And it’s not just poor Charles who’s deconstructed into cardboard scenery and wasted pomp. The tricky thing with attention-getting bile as a gimmick is that it’s slippery enough to get away from its user. This happens to Mantel rather hilariously, when her headline-grabbing flailing at one point nails an extremely innocent bystander:
… I can’t remember now which Vermeer it was. It’s safe to say there would have been a luminous face, round or oval, there would have been a woman gazing entranced at some household object, or perhaps reading a letter with a half-smile; there may have been a curtain, suggestive of veiled meaning; there would have been an enigma.
The point of all this flailing is fairly obvious, and it proved out: to incite a temporary brushfire of outrage. Everybody invited to a podium has the right to grab for such outrage if they feel like it (I’ve never been able to resist the temptation, for instance), although it’s a shame in this case that it’s posited on such wilful misreading of the facts. “A royal lady is a royal vagina,” Mantel writes, her headline ready-made, temporarily not caring that no line could be further from the truth in the case of Henry VIII (or in the case of Prince William, for that matter, who would otherwise have had ‘selected’ for him a young woman who’d already successfully given birth).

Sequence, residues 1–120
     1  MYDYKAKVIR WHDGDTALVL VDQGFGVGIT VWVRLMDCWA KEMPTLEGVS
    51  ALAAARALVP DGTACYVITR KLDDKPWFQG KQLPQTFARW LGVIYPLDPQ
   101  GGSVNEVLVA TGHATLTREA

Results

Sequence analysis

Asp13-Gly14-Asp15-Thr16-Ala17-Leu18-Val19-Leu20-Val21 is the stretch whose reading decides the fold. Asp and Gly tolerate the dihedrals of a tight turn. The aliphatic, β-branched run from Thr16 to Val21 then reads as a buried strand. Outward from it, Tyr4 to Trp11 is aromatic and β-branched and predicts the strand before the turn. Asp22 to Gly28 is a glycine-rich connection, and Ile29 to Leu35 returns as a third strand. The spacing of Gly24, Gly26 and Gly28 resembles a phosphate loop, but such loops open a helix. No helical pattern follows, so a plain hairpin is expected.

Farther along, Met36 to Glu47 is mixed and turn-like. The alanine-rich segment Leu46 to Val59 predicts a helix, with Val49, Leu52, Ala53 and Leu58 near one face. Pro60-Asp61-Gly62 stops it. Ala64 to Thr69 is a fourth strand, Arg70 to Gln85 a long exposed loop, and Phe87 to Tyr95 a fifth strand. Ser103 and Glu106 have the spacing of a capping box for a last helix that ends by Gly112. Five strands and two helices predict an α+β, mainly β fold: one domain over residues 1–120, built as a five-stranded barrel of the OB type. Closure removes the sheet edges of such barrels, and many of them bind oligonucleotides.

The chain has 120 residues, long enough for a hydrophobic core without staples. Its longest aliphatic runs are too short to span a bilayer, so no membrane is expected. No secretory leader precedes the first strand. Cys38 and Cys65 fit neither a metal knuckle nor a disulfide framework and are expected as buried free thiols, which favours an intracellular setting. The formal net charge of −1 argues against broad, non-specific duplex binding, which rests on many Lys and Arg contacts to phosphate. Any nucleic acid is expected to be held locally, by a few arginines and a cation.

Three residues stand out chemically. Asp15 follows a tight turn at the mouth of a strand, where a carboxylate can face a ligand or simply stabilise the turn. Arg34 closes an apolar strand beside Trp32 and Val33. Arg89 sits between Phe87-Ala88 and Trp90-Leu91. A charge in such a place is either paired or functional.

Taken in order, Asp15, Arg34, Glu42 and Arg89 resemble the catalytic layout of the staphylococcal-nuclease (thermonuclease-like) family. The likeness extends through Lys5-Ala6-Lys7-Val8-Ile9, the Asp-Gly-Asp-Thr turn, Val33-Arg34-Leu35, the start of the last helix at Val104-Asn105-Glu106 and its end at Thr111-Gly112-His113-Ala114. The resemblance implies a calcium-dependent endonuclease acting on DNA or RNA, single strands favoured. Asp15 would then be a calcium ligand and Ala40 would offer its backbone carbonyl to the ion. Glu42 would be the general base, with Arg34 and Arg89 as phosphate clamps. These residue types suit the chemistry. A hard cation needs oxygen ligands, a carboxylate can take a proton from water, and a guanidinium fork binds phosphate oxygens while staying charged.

And if Henry himself had taken a podium? His headline might have been “Lady novelists say the darndest things.”